A Formation of Dissimilar Aircraft Unravels

Pilots are endowed with the right to take risks.

A contributing factor, the NTSB said, was “the stepped-down configuration of the formation flight which was composed of dissimilar aircraft.” NTSB

On a Saturday morning in April 2017, a swarm of airplanes—40 pilots attended the preflight briefing—took off from Spruce Creek Airport in Florida for a flight to nearby Titusville to attend an EAA pancake breakfast. The Saturday morning breakfast flight to various destinations is a tradition at the private airstrip, the centerpiece of a gated community with a population of several thousand residents and hundreds of airplanes.

According to the National Transportation Safety Board’s report, one group of five airplanes made up a “wide, loose” V-formation, which one pilot said “was normal for en route.” In the lead was a Great Lakes biplane. Behind it to the right was a Cessna 170, and behind the Cessna was a Grumman Lynx, originally the Bede-designed two-seat American Yankee.

On the left side of the V was a Grumman Tiger, and behind and to the left of the Tiger was a Decathlon.

The formation assembled on the way to 1,000 feet and turned southward toward Titusville. The morning sun—20 degrees above the horizon—was to the left and in the eyes of the pilots on the right side of the formation, who needed to look left to hold position. The flight lead ordered a change to a left echelon formation, in which all five airplanes would form a staggered line to the lead’s left. All would then be looking to the right, away from the sun.

In principle, a formation consists of “elements” of two airplanes, or sometimes one. The Great Lakes and Tiger were the first element in the formation; the two airplanes to the right of the Great Lakes formed the second element and as such would move into place together between the Tiger and the Decathlon, which constituted a third element. The Decathlon would first drop back along the diagonal line of the left side of the V to open up space. The second element would then shift laterally behind the lead, dropping down slightly to pass below the lead’s wake. The 170 would take up a position behind and to the left of the Tiger, and the Lynx would continue sliding sideways, passing behind the 170 and lining up behind it to its left. Finally, the Decathlon would tuck in to complete the evenly spaced echelon. During this maneuver, the 170 would fly by reference to the Tiger, the Lynx by reference to the 170 and the Decathlon by reference to the Lynx.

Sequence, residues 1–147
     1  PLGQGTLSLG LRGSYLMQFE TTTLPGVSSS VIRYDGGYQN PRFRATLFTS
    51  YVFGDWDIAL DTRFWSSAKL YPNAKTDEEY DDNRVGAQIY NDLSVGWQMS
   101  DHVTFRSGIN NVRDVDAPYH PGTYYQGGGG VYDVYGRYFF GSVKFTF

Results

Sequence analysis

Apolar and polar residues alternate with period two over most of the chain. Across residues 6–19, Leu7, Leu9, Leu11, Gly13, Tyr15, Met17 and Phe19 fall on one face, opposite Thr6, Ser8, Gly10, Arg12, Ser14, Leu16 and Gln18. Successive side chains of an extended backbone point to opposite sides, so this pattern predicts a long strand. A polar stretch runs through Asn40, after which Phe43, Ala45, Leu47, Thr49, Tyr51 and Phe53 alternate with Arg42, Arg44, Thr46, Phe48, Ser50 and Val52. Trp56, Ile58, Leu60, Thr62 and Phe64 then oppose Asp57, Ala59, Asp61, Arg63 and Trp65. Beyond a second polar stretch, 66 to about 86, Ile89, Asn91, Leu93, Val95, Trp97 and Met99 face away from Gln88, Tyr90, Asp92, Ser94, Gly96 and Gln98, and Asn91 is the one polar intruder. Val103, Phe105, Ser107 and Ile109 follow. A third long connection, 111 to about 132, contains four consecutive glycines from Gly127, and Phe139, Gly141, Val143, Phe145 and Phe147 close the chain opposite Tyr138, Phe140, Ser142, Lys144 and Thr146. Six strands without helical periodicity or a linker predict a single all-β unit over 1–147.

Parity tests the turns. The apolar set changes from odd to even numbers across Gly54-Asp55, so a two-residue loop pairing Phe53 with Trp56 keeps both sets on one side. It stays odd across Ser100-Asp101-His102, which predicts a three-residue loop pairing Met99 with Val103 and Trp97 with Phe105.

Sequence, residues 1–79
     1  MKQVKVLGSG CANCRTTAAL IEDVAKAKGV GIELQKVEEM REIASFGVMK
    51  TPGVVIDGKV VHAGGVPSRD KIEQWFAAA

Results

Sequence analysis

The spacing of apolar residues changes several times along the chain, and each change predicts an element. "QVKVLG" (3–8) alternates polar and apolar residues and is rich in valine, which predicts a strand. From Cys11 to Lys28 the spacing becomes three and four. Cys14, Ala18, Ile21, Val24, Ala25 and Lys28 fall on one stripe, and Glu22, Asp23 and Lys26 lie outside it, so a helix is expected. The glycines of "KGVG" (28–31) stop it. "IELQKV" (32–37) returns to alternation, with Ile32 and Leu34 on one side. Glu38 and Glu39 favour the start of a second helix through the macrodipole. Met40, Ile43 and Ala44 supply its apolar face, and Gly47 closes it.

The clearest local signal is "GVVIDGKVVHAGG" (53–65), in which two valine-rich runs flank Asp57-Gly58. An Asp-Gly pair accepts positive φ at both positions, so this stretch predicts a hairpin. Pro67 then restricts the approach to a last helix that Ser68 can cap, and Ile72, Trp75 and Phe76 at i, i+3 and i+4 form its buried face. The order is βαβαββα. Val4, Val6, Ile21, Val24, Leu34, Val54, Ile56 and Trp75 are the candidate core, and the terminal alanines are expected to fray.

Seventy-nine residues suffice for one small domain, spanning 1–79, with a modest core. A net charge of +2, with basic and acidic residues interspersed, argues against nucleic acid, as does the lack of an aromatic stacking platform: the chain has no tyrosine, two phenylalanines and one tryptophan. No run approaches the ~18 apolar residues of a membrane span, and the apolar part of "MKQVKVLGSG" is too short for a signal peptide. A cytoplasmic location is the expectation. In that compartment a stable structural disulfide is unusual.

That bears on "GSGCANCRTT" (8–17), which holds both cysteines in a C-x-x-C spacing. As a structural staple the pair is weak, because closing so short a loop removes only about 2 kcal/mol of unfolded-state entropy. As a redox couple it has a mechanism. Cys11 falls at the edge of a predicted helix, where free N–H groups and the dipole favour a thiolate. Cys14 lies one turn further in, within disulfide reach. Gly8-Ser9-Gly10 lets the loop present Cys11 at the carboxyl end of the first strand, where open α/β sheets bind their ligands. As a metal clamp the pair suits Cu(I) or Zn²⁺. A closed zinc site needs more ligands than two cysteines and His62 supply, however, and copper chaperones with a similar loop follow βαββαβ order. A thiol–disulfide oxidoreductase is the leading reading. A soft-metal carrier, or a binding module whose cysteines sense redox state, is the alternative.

Something went wrong.

Moments after he commanded the shift from the V to echelon formation, the flight leader saw a “flash.” He immediately pulled up and out of the formation. To the Lynx pilot, the transition appeared “slow and normal” until he saw parts and vapor fly past him. He then saw the Tiger pitching up, appearing to “be past vertical…almost like it was in a loop.” The right wing of the Cessna appeared to fold upward, and its tail swung to the left. He saw the flight leader pull up, and he himself banked steeply to the left, out of the formation.

Witnesses on the ground reported that both the 170 and the Tiger fell vertically to the ground. The flight leader saw the 170 descend “like a falling-leaf maneuver,” its right wing appearing “folded over.”

Examination of the wreckage of the two airplanes revealed that the 170 had come up beneath the Tiger, whose propeller had severed the Cessna’s right flap tracks, the inboard end of its right aileron and its aileron cables. The wing had remained in place; it was the dangling flap that made it appear to witnesses as if the wing had folded over. The empennage and the portion of the tail cone to which it was attached had completely separated, however, and were attached to the airplane only by control cables, which were twisted around one another multiple times. The wreckage of the Tiger was also badly mutilated, but the only damage that definitely occurred during the collision was gouges in the propeller blades made by the Cessna’s aileron control cables.

The pilots of both airplanes were ATPs and instructors with over 10,000 hours and multiple ratings and type ratings. Both were airline pilots.